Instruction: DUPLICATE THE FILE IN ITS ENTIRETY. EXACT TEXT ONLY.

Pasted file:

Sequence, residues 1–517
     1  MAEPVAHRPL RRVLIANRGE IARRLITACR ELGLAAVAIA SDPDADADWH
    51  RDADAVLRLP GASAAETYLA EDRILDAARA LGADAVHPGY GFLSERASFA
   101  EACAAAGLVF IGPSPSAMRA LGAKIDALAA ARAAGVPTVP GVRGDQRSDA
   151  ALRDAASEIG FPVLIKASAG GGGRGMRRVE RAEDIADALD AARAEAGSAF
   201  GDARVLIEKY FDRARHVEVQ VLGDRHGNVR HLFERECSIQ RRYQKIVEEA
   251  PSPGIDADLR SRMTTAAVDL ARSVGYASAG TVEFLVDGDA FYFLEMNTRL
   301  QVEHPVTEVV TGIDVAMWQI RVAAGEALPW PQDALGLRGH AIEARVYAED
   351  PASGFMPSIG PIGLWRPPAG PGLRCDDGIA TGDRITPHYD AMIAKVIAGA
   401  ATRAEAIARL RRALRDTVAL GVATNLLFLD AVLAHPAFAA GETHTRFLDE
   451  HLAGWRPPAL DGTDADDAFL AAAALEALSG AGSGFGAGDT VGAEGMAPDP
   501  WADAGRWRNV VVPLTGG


Sequence, residues 1–517
     1  MAEPVAHRPL RRVLIANRGE IARRLITACR ELGLAAVAIA SDPDADADWH
    51  RDADAVLRLP GASAAETYLA EDRILDAARA LGADAVHPGY GFLSERASFA
   101  EACAAAGLVF IGPSPSAMRA LGAKIDALAA ARAAGVPTVP GVRGDQRSDA
   151  ALRDAASEIG FPVLIKASAG GGGRGMRRVE RAEDIADALD AARAEAGSAF
   201  GDARVLIEKY FDRARHVEVQ VLGDRHGNVR HLFERECSIQ RRYQKIVEEA
   251  PSPGIDADLR SRMTTAAVDL ARSVGYASAG TVEFLVDGDA FYFLEMNTRL
   301  QVEHPVTEVV TGIDVAMWQI RVAAGEALPW PQDALGLRGH AIEARVYAED
   351  PASGFMPSIG PIGLWRPPAG PGLRCDDGIA TGDRITPHYD AMIAKVIAGA
   401  ATRAEAIARL RRALRDTVAL GVATNLLFLD AVLAHPAFAA GETHTRFLDE
   451  HLAGWRPPAL DGTDADDAFL AAAALEALSG AGSGFGAGDT VGAEGMAPDP
   501  WADAGRWRNV VVPLTGG